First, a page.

Sunday, April 10, 2011

Ch-ch-ch-ch-changes


I'm becoming my father. I knew it was happening when I started to tell long rambling stories and forgot the point of the story before I completed the telling. I really knew it was happening when my wife would politely tell me that I had already told said story at least 50 times before and not to worry because she remembered the point of the story and could easily finish it for me.

Yikes.

It's not so bad. My dad is a good guy. I have come to like him so much I want to name our soon-to-be-born son after him. It is funny, though.

In addition to the rambling stories, I have noticed how cheap I am becoming. When we were kids we used to leave the lights on all over the house and my dad would follow behind us flipping them off and saying, “Do you think I work hard all day so that you can light empty rooms, leave the TV on when you're not watching and leave the refrigerator door open? Do you think electricity grows on trees?”

No, dad,” we'd say. “Electricity comes from the Hoover Dam.”

Yes,” he'd reply. “And thanks to you it takes the whole Hoover Dam to power this house!”

Now I do the same thing, watching those light switches like a hawk and lecturing my wife on where electricity comes from.

The cheapness manifests itself in other ways, too. My wife was going to throw out some expired lunch meat, but I told her that was $3 worth of meat and it was still good. I promptly made myself a sandwich and took it to work the next day. When I ate the sandwich on my lunchbreak I promptly got dizzy and hallucinated that my co-workers looked like fish and my boss looked like Poseidon, God of the Ocean. Then I threw up. These are just a few examples.

I used to wonder: Why is my dad so cranky? I guess it was because he was trying to raise a bunch of kids and make a living too. He was supposed to be able to fix everything that broke, make sure his kids didn't turn into serial killers and give money to everyone who asked for it, and there were a lot of people asking for it. And all the while he was supposed to pretend like he had the whole thing under control.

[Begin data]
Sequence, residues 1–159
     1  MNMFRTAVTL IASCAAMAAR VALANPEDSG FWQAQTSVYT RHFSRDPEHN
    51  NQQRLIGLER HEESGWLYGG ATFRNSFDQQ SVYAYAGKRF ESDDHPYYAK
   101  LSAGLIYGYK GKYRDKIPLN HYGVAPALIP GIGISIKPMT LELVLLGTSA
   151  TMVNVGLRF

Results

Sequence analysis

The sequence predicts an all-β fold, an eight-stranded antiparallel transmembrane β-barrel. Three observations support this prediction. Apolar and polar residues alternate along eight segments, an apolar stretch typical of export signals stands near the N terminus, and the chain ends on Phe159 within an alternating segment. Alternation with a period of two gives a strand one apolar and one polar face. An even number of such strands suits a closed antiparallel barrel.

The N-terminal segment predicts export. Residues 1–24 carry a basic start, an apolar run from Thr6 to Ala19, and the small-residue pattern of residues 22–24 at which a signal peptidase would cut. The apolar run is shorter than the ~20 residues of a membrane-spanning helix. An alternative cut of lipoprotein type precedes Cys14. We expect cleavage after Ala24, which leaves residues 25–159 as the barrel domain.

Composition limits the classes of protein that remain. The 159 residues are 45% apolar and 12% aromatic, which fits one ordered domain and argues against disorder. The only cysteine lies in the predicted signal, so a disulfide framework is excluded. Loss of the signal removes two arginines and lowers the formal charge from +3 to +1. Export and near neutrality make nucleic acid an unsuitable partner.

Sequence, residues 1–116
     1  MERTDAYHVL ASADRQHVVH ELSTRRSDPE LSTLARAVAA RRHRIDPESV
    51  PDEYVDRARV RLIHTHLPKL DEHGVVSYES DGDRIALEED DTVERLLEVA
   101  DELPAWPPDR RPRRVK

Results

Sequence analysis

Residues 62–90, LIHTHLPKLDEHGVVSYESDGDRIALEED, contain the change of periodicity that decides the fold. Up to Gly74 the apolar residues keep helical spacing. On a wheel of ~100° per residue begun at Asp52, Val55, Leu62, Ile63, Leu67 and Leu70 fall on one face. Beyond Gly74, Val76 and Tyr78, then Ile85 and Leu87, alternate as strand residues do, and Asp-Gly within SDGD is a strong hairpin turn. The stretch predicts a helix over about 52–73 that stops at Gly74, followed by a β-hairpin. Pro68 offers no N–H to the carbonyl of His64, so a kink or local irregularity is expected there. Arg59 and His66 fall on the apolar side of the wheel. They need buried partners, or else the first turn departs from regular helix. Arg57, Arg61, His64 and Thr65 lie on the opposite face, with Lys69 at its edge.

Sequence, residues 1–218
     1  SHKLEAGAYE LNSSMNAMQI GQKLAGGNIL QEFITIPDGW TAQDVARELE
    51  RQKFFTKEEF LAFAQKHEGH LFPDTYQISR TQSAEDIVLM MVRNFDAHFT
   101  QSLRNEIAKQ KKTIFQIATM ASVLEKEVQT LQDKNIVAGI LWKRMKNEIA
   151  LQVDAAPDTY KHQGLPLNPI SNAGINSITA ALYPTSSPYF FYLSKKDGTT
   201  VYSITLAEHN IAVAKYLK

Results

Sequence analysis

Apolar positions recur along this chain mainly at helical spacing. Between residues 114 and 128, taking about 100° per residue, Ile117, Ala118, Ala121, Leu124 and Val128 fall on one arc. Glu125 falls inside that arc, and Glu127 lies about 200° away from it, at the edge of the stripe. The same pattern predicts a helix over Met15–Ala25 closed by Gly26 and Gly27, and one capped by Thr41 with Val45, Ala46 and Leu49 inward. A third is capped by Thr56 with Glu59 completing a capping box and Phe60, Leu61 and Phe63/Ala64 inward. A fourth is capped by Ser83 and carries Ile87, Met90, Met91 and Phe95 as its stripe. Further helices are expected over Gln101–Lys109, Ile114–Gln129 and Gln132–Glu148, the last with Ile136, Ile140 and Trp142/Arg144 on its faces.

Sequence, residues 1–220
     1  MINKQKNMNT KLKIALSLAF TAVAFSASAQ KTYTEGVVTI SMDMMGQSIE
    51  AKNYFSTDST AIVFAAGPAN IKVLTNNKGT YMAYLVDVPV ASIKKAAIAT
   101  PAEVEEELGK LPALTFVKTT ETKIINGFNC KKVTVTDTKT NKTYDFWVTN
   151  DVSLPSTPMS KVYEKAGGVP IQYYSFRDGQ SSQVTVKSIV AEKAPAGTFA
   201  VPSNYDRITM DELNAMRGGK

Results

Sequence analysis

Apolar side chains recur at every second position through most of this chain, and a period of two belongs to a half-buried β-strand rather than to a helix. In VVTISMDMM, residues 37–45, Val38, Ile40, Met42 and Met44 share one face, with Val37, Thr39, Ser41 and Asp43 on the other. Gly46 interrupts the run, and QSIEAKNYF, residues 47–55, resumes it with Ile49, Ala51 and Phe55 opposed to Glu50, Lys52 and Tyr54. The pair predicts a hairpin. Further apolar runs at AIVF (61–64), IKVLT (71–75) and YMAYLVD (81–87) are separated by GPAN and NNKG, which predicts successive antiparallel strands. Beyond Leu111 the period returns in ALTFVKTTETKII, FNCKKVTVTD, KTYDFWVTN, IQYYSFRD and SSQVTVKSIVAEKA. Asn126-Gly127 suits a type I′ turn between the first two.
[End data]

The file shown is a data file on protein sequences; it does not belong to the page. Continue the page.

Now that responsibility is knocking at my door, I am starting to see how it could easily make a man lose his sense of humor. I'm not ready to be a dad! I can't possibly do all the things that are being asked of me! I still need my own dad. I constantly ask him for help whenever something goes wrong, especially with my car. I get on the phone and describe the problem to him.

“See, when it's in third gear it makes a noise like 'rowr rowr wub wub wub,'” I say. “And then when I shift up to fourth it's like, 'reeeeee-ow-ow-ow-ow-wooooooooooooo.'”

Then my poor dad has to try to diagnose my car problems from that mess.

“Well it sounds like you've got a hyena in your transmission, and then possibly a parakeet in your electrical system.”

Being an adult is so hard. I take some consolation in the fact that my wife is turning into her mother, and it is also hilarious.

2 comments:

  1. It feels funny saying this as I don't know you or your wife in real life, but I have a feeling you'll be just fine :)
    Although, I do have a fear of turning into a freakish combination of BOTH my parents. Basically a bit of a nagger who likes to ask people if they've received my emails (then quiz them when they say yes) but can also crack some very average, punny jokes.
    *sigh*

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  2. Something about procreating unlocks those dormant dad genes. I had a similar moment just a week ago. I was running 15 minutes late for the priesthood session of conference and I grabbed a handful of twizzlers and stuck them in my suit pocket as I was heading out the door. Just then I felt a rift in the time-space continuum as I knew my dad was 500 miles away doing the exact same thing at the exact same time.

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